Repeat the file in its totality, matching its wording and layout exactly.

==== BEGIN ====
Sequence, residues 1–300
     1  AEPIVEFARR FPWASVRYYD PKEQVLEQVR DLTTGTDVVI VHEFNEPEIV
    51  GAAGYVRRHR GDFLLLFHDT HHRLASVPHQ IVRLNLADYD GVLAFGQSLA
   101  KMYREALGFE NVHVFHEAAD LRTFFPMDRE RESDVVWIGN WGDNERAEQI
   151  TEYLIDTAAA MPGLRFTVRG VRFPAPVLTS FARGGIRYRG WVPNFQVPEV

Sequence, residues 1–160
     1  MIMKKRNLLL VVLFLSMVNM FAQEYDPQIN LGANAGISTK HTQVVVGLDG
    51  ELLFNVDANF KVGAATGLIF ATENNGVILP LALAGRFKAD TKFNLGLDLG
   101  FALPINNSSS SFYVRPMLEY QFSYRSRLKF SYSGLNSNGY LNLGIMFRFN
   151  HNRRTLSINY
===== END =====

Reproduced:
Sequence, residues 1–300
     1  AEPIVEFARR FPWASVRYYD PKEQVLEQVR DLTTGTDVVI VHEFNEPEIV
    51  GAAGYVRRHR GDFLLLFHDT HHRLASVPHQ IVRLNLADYD GVLAFGQSLA
   101  KMYREALGFE NVHVFHEAAD LRTFFPMDRE RESDVVWIGN WGDNERAEQI
   151  TEYLIDTAAA MPGLRFTVRG VRFPAPVLTS FARGGIRYRG WVPNFQVPEV

Sequence, residues 1–160
     1  MIMKKRNLLL VVLFLSMVNM FAQEYDPQIN LGANAGISTK HTQVVVGLDG
    51  ELLFNVDANF KVGAATGLIF ATENNGVILP LALAGRFKAD TKFNLGLDLG
   101  FALPINNSSS SFYVRPMLEY QFSYRSRLKF SYSGLNSNGY LNLGIMFRFN
   151  HNRRTLSINY